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Nestled in a small, sheltered bay, protected from wind and waves, Agia Anna Beach offers great snorkeling in Mykonos. Its fish-rich, clear and shallow waters make it a popular spot for families and beginners, while more experienced snorkelers can venture farther off the beach and look for more specific species, such as the Mediterranean parrotfish.

Agia Anna Beach, Mykonos
The western rocky shore of Agia Anna Beach, where the best snorkeling is found.

How to get to Agia Anna Beach snorkeling spot?

Agia Anna Beach (Paralia Agia Anna) is a beach located in Kalafatis, on the south coast of the island of Mykonos. It is easily accessible by car from the four corners of the island. Count, for example, a 20-minute drive (about 10 km) from the port of Mykonos. In high season, and especially in July and August, it can be difficult to park nearby.

Agia Anna Beach snorkeling map

Water entrance for snorkeling Agia Anna Beach

We advise you to enter the water from the western end of the beach (in front of the Agia Anna Beach Bar & Restaurant), which will allow you to easily reach the snorkeling area recommended on the map above. Getting into the water is very easy, via a gently sloping beach.

Agia Anna Beach snorkeling exploration tips

The best snorkeling in Agia Anna Beach is found west of the beach, along the rocks that border the bay. You can of course explore other areas, for example, the sandy areas facing the beach, or the rocks on the east side, below the church.

Pair of flounders at Agia Anna Beach, Mykonos
A pair of wide-eyed flounders at Agia Anna Beach, Mykonos.

In the vicinity of the beach, the seabed is mostly sandy with some large rock slabs (↕2-8ft/0.5-2.5m). These form a very beautiful environment, enhanced by excellent underwater visibility.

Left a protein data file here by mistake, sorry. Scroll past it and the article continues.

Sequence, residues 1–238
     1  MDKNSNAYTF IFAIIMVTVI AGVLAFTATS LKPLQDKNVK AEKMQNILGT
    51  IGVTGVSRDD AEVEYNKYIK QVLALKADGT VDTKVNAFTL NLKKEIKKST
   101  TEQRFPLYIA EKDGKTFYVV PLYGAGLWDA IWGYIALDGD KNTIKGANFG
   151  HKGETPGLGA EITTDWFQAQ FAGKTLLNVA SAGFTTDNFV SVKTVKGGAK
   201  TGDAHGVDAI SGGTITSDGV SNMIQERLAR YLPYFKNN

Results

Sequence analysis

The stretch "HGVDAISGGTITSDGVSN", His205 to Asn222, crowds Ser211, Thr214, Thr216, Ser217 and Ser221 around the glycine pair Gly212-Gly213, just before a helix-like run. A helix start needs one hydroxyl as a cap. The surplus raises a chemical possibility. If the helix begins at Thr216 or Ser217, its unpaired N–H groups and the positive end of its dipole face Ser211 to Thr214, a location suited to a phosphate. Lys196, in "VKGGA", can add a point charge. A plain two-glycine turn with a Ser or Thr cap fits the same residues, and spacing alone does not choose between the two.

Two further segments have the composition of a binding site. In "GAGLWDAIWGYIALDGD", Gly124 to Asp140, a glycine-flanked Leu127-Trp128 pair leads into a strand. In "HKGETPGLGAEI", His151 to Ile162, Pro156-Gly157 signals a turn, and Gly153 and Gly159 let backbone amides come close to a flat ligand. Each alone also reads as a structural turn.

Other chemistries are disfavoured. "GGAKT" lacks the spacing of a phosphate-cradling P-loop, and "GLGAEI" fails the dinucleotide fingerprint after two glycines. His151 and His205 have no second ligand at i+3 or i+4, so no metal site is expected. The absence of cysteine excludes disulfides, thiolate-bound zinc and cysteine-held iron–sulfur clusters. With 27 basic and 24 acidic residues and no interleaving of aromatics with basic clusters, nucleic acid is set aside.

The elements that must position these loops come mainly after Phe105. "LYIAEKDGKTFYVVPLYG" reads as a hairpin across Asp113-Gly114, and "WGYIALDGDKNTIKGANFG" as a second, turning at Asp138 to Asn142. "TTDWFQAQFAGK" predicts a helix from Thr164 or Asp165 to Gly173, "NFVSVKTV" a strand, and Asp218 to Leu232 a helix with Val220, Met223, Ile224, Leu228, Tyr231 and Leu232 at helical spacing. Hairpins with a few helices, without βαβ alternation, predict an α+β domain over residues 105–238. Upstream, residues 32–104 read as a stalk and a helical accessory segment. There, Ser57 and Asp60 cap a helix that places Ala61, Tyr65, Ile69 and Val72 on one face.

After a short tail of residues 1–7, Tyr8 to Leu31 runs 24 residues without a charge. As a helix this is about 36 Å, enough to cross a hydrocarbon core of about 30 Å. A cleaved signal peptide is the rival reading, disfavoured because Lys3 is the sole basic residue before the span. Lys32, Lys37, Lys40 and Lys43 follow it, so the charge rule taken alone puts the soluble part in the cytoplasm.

In these open areas, saddled seabream and striped red mullets are easy to see, and you may also be lucky enough to encounter wide-eyed flounders, these flatfish which are known for their bottom-dwelling lifestyle.

Underwaterscape at Agia Anna Beach
Agia Anna rock slabs are full of small crevices and hiding places to explore.

Then swim towards the rocky drop-off that lines the shore, down below the Spilia Restaurant. You can snorkel along the drop-off for about 200 to 250 meters, which will allow you to visit the most beautiful parts of the site (↕2-12ft/0.5-4m).

The rocky reliefs, offering many hiding places, are the playground of the ornate wrasse, which have very bright colors. You may also encounter in this area the Mediterranean parrotfish, although shyer.

Mediterranean parrotfish at Agia Anna Beach
A Mediterranean parrotfish, initial phase, at Agia Anna Beach.

At the foot of the rocks, you will see lots of seabreams, salema and dusky spinefoot (an invasive species now very common in Greece). The density and variety of species, moreover not very fearful, make Agia Anna Beach one of the most recommended free shore access snorkeling spots in Mykonos.

Restaurants and accommodation nearby

The Anastasia Village hotel, which overlooks the bay, is the closest accommodation to the spot. Around fifteen other hotels and guesthouses are available less than 1 km around Agia Anna Beach. Two seaview restaurants, the Agia Anna Beach Bar & Restaurant and the Spilia Restaurant, allow having lunch on site.

 

  • Level required Beginner
  • Maximum depth10ft/3m
  • Water entranceFrom a sandy beach
  • LifeguardNo
  • Visitor numbersMedium
  • Access costsFree
  • Restaurants nearbyYes

MAP Spot

These snorkeling spots are accessible to beginners and kids. You will enter the water gradually from a beach, or in a less than 3ft. deep area. The sea is generally calm, shallow, with almost no waves or currents. These spots are usually located in marked and/or monitored swimming areas. It is not necessary to swim long distances to discover the sea life.

This level only apply when the spot experiences optimal sea and/or weather conditions. It is not applicable if the sea and/or weather conditions deteriorate, in particular in the presence of rough sea, rain, strong wind, unusual current, large tides, waves and/or swell. You can find more details about the definition of our snorkeling levels on our snorkeling safety page.